The National Security Commission for Artificial Intelligence (NSCAI) approved 71 draft recommendations related to artificial intelligence today that offer suggestions for changes across the Federal government.

The commission’s recommendations, interim report, and meeting to approve the draft documents all focused on six “Lines of Effort” – all of which aim to support the U.S. in setting the country’s course to stay ahead in the international competition on AI. Those lines of effort are:

  • Strengthening the Triangular Alliance for AI Research and Development;
  • Applying AI for National Security Missions;
  • Training and Recruiting AI Talent;
  • Protecting and Building Upon U.S. Technology Advantages, and;
  • Marshalling Global AI Cooperation.

The commission also considered recommendations on combatting malign information, but opted to hold those recommendations for further discussion.

“The totality of the recommendations illustrates a key point: Laying out a vision is not enough. A winning strategy demands major muscle movements in and across departments and agencies, and significant executive and legislative action,” the commission wrote in its report.

This update mirrors the same Lines of Effort used in the commission’s second quarter report, and is the second interim report by the NSCAI, following its initial report in 2019.

Among the recommendations, the NSCAI called for some major changes in Federal structures, some of which include:

  • Optimizing the Department of Defense’s (DoD’s) Small Business Innovation Research (SBIR) program to be more selective with awards that match modernization priorities;
  • Giving more responsibilities, power, and funds to the Undersecretary of Defense for Research and Engineering;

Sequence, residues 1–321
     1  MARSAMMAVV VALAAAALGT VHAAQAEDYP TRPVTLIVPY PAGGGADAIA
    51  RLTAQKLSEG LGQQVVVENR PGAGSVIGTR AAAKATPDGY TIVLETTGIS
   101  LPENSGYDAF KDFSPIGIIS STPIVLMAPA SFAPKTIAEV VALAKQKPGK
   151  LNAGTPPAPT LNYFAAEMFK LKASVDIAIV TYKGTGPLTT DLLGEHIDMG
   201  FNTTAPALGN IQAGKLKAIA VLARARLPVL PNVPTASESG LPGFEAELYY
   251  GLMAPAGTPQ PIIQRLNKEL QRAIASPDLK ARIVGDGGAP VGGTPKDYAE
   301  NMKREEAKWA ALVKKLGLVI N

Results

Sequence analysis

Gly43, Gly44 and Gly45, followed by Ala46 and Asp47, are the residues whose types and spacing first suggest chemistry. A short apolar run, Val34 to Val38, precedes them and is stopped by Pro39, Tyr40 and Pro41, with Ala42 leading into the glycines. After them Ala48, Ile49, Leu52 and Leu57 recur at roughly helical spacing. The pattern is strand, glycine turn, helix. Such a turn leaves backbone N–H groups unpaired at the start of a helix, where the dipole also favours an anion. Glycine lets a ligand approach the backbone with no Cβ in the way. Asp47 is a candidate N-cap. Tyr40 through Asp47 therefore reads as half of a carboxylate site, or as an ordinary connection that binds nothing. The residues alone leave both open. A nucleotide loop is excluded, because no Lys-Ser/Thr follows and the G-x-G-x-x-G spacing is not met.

• Designating the Director of S&T at the Office of the Director of National Intelligence (ODNI) as CTO within the intelligence community (IC), and fostering better coordination and communication about AI efforts through the National Intelligence Strategy;
  • Creating an AI occupational series within civilian agencies;
  • Establishing a unit at the National Institute of Standards and Technology (NIST) to focus on supply chain issues, especially around microelectronics, and;
  • Empowering a single entity in the White House to develop a Comprehensive Technology Strategy, and naming a White House technology advisor.

While the NSCAI is an independent advisory committee without implementation power that advises both Congress and the White House, the committee members highlighted the need for a sense of urgency and unity in implementation.

“My own opinion … is that regardless what happens in the election, the next administration should immediately implement the [NSCAI’s] nonpartisan recommendations that we approve,” said Eric Schmidt – chair of the commission and former Google CEO and chairman from 2001 to 2011 – during an October 8 meeting.

The final report of the NSCAI is set to come out in March 2021.

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John Curran
John Curran
John Curran is MeriTalk's Managing Editor covering the intersection of government and technology.